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Stapilus: Staying in Idaho

The state Department of Labor last week released a statistic that policy makers might want to wrap their minds around, as a significant broad-brush indicator about Idaho and a question to ponder as they consider what sort of state Idaho should be.

Consider the people who graduate from Idaho colleges and universities, one year after graduation. (The study was conducted of graduates from 2010 to 2014.)

Of those former students who were in-state residents, about 77 percent stayed in the state, “working in Idaho jobs.” The report said “The other 23 percent of in-state graduates either left to work in another state, took a federal government job, joined the military or worked in some other kind of self-employment category. In some cases, they may still be looking for work in their field, continuing on to graduate school or to another educational program.”

Five years later, about 67 percent still were in the state.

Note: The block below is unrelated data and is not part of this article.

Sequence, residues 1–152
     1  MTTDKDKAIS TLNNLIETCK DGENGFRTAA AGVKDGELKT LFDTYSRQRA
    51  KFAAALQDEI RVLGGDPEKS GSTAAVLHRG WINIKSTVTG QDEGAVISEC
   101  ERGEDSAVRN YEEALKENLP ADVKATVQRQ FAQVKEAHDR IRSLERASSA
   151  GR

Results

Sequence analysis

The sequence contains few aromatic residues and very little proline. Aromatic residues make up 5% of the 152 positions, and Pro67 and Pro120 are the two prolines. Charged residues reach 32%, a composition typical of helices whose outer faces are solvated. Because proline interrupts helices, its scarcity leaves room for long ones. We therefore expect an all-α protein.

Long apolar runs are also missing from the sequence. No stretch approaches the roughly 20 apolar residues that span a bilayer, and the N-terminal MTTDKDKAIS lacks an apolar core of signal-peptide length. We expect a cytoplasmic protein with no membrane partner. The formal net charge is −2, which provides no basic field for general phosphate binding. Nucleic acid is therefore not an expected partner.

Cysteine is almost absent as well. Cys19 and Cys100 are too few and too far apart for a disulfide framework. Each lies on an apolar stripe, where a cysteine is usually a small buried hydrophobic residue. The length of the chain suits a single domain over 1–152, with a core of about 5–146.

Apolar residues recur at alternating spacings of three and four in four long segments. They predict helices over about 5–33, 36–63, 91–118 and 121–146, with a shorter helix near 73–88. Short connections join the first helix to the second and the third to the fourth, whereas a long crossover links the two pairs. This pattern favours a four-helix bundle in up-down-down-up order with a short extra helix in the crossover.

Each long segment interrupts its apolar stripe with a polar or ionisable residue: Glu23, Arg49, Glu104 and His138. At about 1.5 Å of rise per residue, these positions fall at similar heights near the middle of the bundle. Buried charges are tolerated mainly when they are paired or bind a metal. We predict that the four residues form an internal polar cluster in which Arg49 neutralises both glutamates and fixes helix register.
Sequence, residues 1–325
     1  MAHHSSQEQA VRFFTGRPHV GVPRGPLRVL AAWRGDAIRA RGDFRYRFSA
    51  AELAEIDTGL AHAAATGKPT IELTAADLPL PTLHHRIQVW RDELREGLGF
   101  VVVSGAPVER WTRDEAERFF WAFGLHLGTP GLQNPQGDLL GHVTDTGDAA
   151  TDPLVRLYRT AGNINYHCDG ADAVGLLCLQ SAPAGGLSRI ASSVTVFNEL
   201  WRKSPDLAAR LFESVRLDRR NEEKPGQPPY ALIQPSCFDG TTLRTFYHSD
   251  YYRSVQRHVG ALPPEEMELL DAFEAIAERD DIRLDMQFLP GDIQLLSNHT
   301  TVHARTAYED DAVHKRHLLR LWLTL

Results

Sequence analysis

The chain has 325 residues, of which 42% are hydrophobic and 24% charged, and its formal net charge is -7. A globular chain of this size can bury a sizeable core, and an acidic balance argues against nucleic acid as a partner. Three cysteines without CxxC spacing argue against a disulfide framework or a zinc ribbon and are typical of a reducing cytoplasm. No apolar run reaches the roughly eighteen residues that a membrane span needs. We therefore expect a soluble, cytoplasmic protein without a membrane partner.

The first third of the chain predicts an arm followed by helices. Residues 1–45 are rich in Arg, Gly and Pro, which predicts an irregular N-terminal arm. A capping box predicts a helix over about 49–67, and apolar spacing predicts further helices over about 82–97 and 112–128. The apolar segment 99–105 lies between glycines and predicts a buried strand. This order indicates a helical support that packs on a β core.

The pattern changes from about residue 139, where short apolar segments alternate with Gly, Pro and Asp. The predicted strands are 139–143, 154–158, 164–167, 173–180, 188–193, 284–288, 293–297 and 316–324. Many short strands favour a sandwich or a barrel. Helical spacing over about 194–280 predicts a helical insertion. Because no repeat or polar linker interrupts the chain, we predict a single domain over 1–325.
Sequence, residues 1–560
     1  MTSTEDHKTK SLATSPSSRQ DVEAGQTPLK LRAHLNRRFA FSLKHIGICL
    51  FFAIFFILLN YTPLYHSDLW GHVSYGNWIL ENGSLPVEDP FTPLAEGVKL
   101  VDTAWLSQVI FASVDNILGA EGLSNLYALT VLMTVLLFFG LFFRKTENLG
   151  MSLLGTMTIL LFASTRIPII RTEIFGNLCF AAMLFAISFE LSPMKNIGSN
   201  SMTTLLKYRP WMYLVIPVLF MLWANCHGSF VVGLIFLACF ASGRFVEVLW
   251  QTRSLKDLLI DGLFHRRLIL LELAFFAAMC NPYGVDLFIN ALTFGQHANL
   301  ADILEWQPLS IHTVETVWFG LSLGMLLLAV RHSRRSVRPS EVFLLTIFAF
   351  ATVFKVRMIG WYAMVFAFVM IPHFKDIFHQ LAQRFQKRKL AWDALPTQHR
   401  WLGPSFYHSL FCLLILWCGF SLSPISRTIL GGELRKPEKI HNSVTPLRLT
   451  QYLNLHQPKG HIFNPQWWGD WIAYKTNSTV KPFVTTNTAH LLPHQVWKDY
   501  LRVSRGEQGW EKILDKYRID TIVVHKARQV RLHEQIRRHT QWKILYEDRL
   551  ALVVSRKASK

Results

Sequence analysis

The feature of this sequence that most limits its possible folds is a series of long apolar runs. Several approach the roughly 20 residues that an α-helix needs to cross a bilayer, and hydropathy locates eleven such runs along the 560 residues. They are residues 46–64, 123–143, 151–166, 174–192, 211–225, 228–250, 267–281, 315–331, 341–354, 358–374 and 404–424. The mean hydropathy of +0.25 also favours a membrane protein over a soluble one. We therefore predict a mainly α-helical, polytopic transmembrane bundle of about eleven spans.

Of those who were out of state students, just 39 percent stayed in the state after one year, and just 28 percent five years later. (“Out of state” students were those considered non-residents at the time they entered the college of university, whether or not they became Idaho residents during the time of their studies.)

That’s a big gap, about two to one. What would account for it? 

Of those who were out of state students, just 39 percent stayed in the state after one year, and just 28 percent five years later. (“Out of state” students were those considered non-residents at the time they entered the college of university, whether or not they became Idaho residents during the time of their studies.) 

That’s a big gap, about two to one. What would account for it?/Randy Stapilus, Ridenbaugh Press. More here.

Question: Are you living in the state where you attended college?




D.F. Oliveria
D.F. (Dave) Oliveria joined The Spokesman-Review in 1984. He currently is a columnist and compiles the Huckleberries Online blog and writes about North Idaho in his Huckleberries column.

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